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Florian2 November 14, 2011 17:14

Simple Question - or not?
 
Hi,

I am new to cfd and my question to the members of this Forum seems to be pretty simple:
What shape has an airfoil with maximum lift when drag is abolutly not relevant?
I am searching for this shape for a long time and even thougt about building a small windchannel to get an answer.
Perhaps the answer is extremly simple, but perhaps it is an extremly complicated airfoil consisting of many pieces (e.g. a grid of some kind...)

Let me get more specific:
The air foil has to have max. lift.
The angle of incidence does not matter, air speed does not matter (within "normal" ranges like 5 m/s up to 300 m/s).
So is there any Software out there that could help me? Is there a simple answer?

raj.cfd November 14, 2011 18:12

The airfoil needs to be really thin to obtain maximum lift.

Florian2 November 15, 2011 05:15

Hi Raj,
thanks for your fast answer!

So a thin airfoil (probably at a high angle) gives maximum lift?
How did you find out that fast? :)

I always thought the answer would be much more tricky...

truffaldino November 15, 2011 07:25

Thin airfoil is not necessary gives high lift: it could stall at small aoa. The answer is really tricky. I would rather said: strongly cambered airfoil of an optimal thikness (depending on range of Re number) to delay stall.

There is a technique developed by Eppler and Seilig for a rough estimate of airfoil shape with desired characteristics and there is an excellent free software called "x-foil" by Mark Drela from mit (or its version with good GUI called XFLR-5) that has direct and inverse airfoil design tools.

You can see e.g.

http://smartsonde.org/Project/Vehicl...A-2137-802.pdf

http://www.desktop.aero/appliedaero/...lsections.html

Truffaldino

swetkyz November 16, 2011 13:52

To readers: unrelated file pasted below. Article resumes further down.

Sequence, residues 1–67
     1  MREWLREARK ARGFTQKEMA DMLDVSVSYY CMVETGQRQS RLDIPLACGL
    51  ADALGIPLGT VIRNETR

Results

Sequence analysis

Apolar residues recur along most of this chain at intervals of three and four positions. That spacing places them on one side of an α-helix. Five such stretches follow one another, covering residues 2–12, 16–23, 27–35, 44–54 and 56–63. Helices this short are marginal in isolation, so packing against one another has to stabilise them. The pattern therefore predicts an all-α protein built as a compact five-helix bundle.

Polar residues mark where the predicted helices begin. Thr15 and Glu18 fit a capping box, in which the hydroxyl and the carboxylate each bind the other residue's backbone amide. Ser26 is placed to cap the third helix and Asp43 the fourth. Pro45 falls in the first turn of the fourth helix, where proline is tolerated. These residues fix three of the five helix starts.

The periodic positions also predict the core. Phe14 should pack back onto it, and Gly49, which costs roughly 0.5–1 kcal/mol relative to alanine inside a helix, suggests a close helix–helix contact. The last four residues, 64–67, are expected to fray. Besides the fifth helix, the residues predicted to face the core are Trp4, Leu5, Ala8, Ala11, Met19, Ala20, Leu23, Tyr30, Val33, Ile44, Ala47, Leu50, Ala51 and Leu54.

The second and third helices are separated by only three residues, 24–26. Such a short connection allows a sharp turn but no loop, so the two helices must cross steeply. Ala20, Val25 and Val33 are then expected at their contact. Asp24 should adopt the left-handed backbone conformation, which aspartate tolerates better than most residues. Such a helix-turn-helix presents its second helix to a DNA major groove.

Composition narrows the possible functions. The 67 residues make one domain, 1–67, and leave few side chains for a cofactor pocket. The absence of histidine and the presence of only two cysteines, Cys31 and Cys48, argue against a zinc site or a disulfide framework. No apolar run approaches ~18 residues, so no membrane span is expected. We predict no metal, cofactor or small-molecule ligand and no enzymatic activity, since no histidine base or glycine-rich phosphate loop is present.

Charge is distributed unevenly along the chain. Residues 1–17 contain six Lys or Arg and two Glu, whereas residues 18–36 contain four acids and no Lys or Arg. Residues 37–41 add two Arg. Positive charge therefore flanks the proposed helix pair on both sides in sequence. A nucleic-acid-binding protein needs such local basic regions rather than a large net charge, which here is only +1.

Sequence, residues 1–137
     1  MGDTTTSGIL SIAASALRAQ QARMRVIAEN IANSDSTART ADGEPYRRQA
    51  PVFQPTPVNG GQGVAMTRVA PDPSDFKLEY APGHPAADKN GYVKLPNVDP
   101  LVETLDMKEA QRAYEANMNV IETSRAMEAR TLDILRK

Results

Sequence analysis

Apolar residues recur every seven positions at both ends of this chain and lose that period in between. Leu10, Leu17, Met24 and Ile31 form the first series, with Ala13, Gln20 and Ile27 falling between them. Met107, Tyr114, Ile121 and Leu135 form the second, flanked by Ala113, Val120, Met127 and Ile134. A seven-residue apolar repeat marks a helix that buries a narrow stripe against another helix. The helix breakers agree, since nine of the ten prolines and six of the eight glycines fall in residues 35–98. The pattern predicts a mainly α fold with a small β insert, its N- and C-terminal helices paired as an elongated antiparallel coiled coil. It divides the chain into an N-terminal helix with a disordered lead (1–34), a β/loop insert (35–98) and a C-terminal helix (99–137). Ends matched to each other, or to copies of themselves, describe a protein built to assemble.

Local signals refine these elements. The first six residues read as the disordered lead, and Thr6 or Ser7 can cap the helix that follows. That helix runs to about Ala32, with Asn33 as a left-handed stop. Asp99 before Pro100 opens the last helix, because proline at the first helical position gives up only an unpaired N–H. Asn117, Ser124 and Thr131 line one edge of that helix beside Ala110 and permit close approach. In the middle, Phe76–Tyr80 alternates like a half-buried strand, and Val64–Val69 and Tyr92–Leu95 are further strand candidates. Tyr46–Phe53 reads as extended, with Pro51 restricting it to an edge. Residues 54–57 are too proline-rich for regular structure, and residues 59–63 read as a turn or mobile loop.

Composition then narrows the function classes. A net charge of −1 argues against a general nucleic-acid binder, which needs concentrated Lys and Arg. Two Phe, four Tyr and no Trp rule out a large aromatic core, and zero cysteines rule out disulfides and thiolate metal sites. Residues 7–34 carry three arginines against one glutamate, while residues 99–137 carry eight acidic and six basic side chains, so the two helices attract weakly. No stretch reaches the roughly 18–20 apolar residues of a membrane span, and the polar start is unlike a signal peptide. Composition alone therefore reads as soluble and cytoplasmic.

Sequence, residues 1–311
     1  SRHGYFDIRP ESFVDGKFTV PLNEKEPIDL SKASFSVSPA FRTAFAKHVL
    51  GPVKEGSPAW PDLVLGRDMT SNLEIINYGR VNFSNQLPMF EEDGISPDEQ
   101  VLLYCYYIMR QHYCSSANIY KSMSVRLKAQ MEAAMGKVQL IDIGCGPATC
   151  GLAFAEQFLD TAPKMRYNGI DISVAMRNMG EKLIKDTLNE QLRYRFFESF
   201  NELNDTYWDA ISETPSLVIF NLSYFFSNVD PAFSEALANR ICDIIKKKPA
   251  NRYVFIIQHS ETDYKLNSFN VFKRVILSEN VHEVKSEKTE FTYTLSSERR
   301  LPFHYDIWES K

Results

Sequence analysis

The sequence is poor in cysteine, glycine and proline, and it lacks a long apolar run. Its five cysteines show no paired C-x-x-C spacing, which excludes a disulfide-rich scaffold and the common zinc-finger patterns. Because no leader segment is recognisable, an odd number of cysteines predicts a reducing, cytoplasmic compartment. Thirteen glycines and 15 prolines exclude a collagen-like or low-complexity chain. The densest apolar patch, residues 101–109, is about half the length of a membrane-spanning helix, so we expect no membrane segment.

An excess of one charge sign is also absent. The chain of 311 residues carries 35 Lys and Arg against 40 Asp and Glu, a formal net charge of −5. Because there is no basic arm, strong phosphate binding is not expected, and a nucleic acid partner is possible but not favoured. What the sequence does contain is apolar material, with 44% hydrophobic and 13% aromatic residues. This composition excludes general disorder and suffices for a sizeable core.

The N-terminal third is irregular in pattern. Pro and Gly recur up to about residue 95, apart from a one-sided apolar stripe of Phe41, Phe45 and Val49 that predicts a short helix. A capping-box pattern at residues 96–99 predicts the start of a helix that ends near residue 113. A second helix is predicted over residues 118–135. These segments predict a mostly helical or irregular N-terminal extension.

I might suggest perusing "Theory of wing sections: including a summary of airfoil data" by Abbott and Doenhoff. This should help you to understand how camber and relative thickness play a role in airfoil characteristics.

To give you an idea of what is possible, it is said that the 737 wing has a maximum lift coefficient of about 3.2--and very low drag at low angles of attack.

swetkyz November 16, 2011 13:54

P.S. XFOIL, mentioned by Truffaldino, is a great tool!

truffaldino November 17, 2011 06:32

Quote:

Originally Posted by swetkyz (Post 332388)

To give you an idea of what is possible, it is said that the 737 wing has a maximum lift coefficient of about 3.2--and very low drag at low angles of attack.

Yes, with junkers flaps and slats we can reach such Cl's. Unfortunately x-foil analyzes only single-piece airfoil. There is another software by M.Drela (i do not remember the name) which is a multiple foil analog of x-foil, but it is not free (can be sent by M.Drela on request).

With blown/ or bl suction foils one can reach even twice of this.

Florian2 November 17, 2011 15:37

Hi,

thanks for all answers so far.
@swetkyz: 3.2 sounds a little small; so what would the lift coefficient be when the angle is at its maximum?
@truffaldino: I tried xfoil allready - but as you said it is only possible to calculate single foils.
What you mean with "blown/ or bl suction"? Is this the technique of sucking in air on top of the wing?

I think multi-foil wings will be my choice; probably the give max lift (when calculated properly).

Again THANKS A LOT for your help!!!

swetkyz November 17, 2011 17:29

You may find "Simulation and Optimization of Flow Control Strategies for Novel High-Lift Configurations" interesting if you are willing to work with slats and flow control. This paper is by Meunier, and it was published in the AIAA Journal in 2009.

truffaldino November 17, 2011 17:29

Quote:

Originally Posted by Florian2 (Post 332560)
Hi,

What you mean with "blown/ or bl suction"? Is this the technique of sucking in air on top of the wing?

Again THANKS A LOT for your help!!!

Yes, this is a technique of sucking the boundary layer on the top to delay separation. Some people say that blowing is even more effective.

You can take a look at a book by Bryan Thwaites on incompressible aerodynamics. He has examples of wing with bl suction up to 30% thick with Cl up to 6 or 9.

As for max Cl without suction devices, Antonov-70 has max Cl=7.2 with slats and flaps only: you can look

http://www.youtube.com/watch?v=PdqMHJJDiFM.


As for software: there is a fast software MSES/MISES by Mark Drela (this is a multiple airfoil x-foil). But it you have to ask M.Drela for acopy.

You could also try Fluent, of course, if you are at large reynolds numbers and flow is almost fully turbulent: Just use S-A turbulence models with multiple airfoils.
In general, when you are at low Reynolds numbers, PDE based CFD software like Fluent cannot handle transition and separation bubbles (in spite of a lot of publicity of new sst transitional models) without a huge user input and comparison with experiments.

truffaldino November 17, 2011 17:48

I have also found a nice video on youtube on bl succion airfoil used by J.Y. Cousteau as a sail which has 5 to 6 times max Cl of an ordinary sail:

http://www.youtube.com/watch?v=X5E0HDBM4xA


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